An aside : e-cycles for India
True as this maybe, our roads ( not to mention our grids) here in India are so far removed from the predictably safe and smooth driving conditions of Europe or America. In our opinion designing and building an e-bike that is rugged,powereful and reliable is the winning formula needed for india. Ah, and lest we forgot – the cost! We need Ebikes that can sell for within Rs.25,000 ( for a new one : Rs.10,000 for a retro fit) if we are going to kick start an ebike revolution in India. This will be about a fifth of the cost of a Spener Ivy. Anybody with a magic formula to make this happen, please write in.
A Note to our Indian readers and potential e-bicyclists:
We are happy to reveal that India's premier bicycle maker BSA are getting ready to launch their first fleet of electric cycles later this year. And they are very affordably priced. Look out for them at their showrooms and dealers and pick one to augment/enhance your micro mobility needs.We will bring you a review of this new product soon.
- Category: Reviews
- Published on Tuesday, 08 February 2011 09:01
- Written by Tejas Joseph
- Hits: 2325
Life always has the tendency to come full circle at some point.The personal automobile mass revolution kickstarted in the early part of the last century was made possible largely due to the availability of cheap auto fuels – petrol and diesel. The problem was that it was assumed that this situation would prevail forever.It was not until the 60s that it became clear to all ( apart from the specialists who had always known this) that oil ( from fossil fuels) was a finite resource and would dry out at some point, and what then? True as this was it was not easy to imagine a world ( or cars) without oil and we just kept going, out of apathy as much as for not having any alternatives to turn to. There was another problem with oil apart from its decreasing availability and continually rising prices. Oil ( rightly or wrongly) was the main actor in the climate change drama, being directly responsible for much of the pollution that caused it.
Cut to the beginning of the 2nd millenium and we notice a world awash in concern for new technologies (and fuels) for personal and mass mobility and a greener environment. The last ten years have seen the emergence of new automotive technologies that were the direct offshoots of the quest for alternatives to oil,that were also renewable and clean to boot.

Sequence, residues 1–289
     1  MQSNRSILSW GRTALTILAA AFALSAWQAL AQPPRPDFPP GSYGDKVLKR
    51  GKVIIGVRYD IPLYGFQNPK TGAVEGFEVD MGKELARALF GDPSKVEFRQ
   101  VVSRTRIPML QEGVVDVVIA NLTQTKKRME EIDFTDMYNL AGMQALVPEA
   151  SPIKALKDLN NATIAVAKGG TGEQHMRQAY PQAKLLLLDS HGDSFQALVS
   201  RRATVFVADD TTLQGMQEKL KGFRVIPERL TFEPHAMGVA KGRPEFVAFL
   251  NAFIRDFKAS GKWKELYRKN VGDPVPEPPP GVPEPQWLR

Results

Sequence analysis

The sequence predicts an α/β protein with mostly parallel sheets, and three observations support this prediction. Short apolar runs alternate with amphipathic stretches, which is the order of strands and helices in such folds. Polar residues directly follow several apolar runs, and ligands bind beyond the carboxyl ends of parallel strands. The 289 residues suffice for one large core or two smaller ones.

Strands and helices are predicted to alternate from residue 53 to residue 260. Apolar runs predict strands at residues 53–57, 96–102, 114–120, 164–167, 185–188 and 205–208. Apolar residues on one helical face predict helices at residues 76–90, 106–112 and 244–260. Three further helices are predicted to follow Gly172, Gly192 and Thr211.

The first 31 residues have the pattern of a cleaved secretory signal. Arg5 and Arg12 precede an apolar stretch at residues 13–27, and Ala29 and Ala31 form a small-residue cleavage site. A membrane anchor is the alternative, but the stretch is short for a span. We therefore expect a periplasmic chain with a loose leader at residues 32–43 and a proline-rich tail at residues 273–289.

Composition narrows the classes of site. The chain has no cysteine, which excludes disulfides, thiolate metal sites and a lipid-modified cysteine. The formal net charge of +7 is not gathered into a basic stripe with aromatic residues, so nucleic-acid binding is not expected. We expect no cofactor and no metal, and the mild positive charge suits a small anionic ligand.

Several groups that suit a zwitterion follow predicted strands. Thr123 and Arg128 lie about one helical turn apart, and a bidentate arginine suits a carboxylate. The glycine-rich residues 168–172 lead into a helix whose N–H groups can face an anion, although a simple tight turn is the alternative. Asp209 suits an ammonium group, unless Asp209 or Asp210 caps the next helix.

Hybrids were the first to appear on the alt/eco auto landscape. The hybrid was the obvious way to go since it offered the best of two worlds. Hybrids were also the guinea pigs of the ev world upon which a spate of revolutionary new ideas rode and were being tested. Hybrids stand at the threshold of the transition to newer and better automotive technologes and propellants.
The Japanes are market leaders in hybrids and have served to stimulate a worldwide interest in hybrid cars.Thanks to the sucess of Toyota's Prius every major automaker – Ford, VolksWagen, Nissan, Honda and Hyundai – have added hybrids to their stable. What was until now something of a green fetish amongst select auto buyers is now becoming a serious shopping option with the recent jump in global oil prices being passed down to the local gas station across the world. Fuel economy (more than pollution) is now riding customer concern. In America it is also compounded by lifestyle requirements prompting auto makers to respond by creating models that balance fuel efficiency with power and space. Toyota have just released the Prius V – a station wagon model of the famed hybrid and plan to expand this line to cover a whole category( upto 11 models) of hybrids that they think will eventually outsell ( and replace) their other models. Ford claim that by 2020 ,25% of their cars will be electrified but that more than a third of this will be hybrids. Nissan's golden grail is the full blown 'total electric car' that will set the benchmark for sustainable driving. But while they are working on this dream we will see a few hybrids emerge from their floorshops in the next few years. Lexus are also looking seriously at hybrids for the luxury segment while VW have stated that by 2018 upto 3% of all their cars will be electric. But in the meanwhile we can look forward to seeing their hybrids on the roads (beginning with the Jetta and Audi) this year itself.